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White paper profiles Middle Eastern private jet owner

Posted 23 November 2015 · Add Comment

A new white paper from global wealth intelligence authority Wealth-X and the international business aviation consultancy reveals keen insights about ultra-high-net worth (UHNW) Middle Eastern private jet owners, reports Barbara Saunders

The report profiles the UHNW Middle Eastern jet owner, their preferences and the business aviation opportunity in the region.

There are 5,975 UHNW individuals in the Middle East with a combined net worth of US$995 billion, according to Wealth-X data and the region’s UHNW private jet owners account for about 2% of the world’s UHNW jet owners.
The report reveals that at 59.1 years of age, the average Middle Eastern aircraft owner is younger than the average global owner who’s around 63.6 years. Middle Eastern owners apparently buy more expensive planes than their global counterparts; the average value of planes purchased by Middle Eastern UHNW individuals is US$48.8 million, almost three times the global average value of US$16.4 million. “Middle Eastern jet owners also spend a greater percentage of their net worth - 4.5% - on private aircraft, compared to the world average of 1.0%,” says the report.
But who are these owners? Well the report says the majority (59.1%) of Middle Eastern jet owners have a blend of self-made (31%) and inherited wealth (9.9%) and they largely operate within five industry sectors – namely industrial conglomerates, non-profit and social organisations, finance, banking and investment, manufacturing and real estate.
The Middle Eastern owner likes to travel in the main to Europe - there were 1,329 business aviation flights from the Middle East to Europe in September 2015, a 21% year-on-year increase. “This is for many reasons, including family ties, education, medical treatment, homes, investments, and escaping the summer heat in the region,” explains the report.
Overall, however, the report says there’s very little difference between the Middle Eastern jet owner and those from other parts of the world “with only a few subtle differences excluding culture.”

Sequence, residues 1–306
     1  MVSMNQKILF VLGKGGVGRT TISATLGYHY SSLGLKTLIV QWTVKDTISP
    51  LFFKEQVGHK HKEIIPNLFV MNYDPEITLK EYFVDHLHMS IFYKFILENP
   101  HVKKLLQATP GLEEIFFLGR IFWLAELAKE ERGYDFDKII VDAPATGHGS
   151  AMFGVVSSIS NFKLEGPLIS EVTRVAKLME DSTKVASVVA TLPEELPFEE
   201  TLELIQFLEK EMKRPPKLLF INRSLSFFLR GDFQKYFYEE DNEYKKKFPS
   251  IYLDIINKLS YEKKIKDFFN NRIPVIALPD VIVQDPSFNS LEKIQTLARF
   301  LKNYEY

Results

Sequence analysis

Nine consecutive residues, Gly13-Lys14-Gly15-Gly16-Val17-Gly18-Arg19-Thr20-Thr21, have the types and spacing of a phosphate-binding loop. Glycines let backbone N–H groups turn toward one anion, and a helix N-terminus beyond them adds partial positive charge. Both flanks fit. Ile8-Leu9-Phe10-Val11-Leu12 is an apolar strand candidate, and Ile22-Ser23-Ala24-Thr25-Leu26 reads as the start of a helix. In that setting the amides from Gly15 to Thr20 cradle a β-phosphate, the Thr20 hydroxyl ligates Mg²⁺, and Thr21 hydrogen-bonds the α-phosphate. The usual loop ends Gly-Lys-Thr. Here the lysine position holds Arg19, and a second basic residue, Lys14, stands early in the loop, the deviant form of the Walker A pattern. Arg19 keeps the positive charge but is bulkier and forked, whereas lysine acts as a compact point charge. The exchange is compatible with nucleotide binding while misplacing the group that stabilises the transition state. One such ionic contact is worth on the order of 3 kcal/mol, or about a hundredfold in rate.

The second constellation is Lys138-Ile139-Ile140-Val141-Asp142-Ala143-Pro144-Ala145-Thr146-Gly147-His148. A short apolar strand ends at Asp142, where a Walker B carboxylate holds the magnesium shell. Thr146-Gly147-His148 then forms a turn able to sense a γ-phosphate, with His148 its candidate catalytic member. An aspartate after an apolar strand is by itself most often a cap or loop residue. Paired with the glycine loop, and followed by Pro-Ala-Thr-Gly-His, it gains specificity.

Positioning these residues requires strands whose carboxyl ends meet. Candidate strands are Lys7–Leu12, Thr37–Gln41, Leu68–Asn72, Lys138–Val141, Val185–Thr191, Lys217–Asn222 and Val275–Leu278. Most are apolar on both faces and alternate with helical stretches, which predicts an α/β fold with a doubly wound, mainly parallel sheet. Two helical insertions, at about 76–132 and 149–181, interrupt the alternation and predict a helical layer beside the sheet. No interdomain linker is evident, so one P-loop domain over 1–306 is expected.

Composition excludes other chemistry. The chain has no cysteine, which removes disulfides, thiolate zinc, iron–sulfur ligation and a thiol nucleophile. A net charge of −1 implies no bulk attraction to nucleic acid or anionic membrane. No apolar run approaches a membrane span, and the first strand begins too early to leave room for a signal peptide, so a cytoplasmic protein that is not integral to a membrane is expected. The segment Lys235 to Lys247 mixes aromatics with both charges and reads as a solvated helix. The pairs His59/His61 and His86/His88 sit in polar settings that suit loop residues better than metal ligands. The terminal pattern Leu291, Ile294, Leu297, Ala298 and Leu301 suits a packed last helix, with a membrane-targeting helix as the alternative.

“Owners in the region tend to be diplomatic, with direct complaints and confrontation being very rare. Superior high levels of service are a must for these individuals, since flying private is less about utility, as in the United States, but more about savouring moments of space away from their usual busy lives.”
Turkey is becoming a popular destination for the Middle East private jet owner. “Turkey has recently received the largest share of flights (15.9%) out of the Middle East, at 1,611 this year to date. This could be at the expense of Beirut and Cairo, two cities that were originally popular business and leisure destinations before the geopolitical uncertainty in recent years. Turkey’s unique position at the gateway of both Europe and Asia works well for aircraft owners, since business and leisure can be combined in an environment suited to their cultural tastes.”
Other top destinations among Middle East owners are: the UK (1,513 flights in 2015 YTD), France (1,272), Greece (883) and Italy (628).
“Greece as a destination has been 14% more popular in 2015 compared to the previous year. The five most popular destination countries represented 58% of all flights out of the Middle East to Europe.’
The busiest jet operating out of the Middle East is the Bombardier Challenger 600 series, with 174 planes making 1,159 departures from the region in 2015 YTD — a 5.4% year-on-year increase in activity. “The 600’s wide body interior and competitively priced charter rates explain its popularity.”
In second place was the Gulfstream IV/G400, with 146 planes making 828 departures in 2015 YTD, a 1.3% year-on-year increase in activity with third place going to the Bombardier Global Express, which posted a 24.4% increase in activity from 2014 to 713 departures among 160 planes.
Generally, the busy aircraft flying from the Middle East are mid-size and larger jets. “Preference for large aircraft is not just a simplistic reflection of prestige, but one of practicality, since trips tend to be predominantly family oriented, with close and extended family members expected to accompany the patriarch. Typically, personalized VIP commercial airline interiors serve the families’ hierarchal traditions well, matching closely the rituals of daily life, including a heritage of eating together,” explains the report.


 

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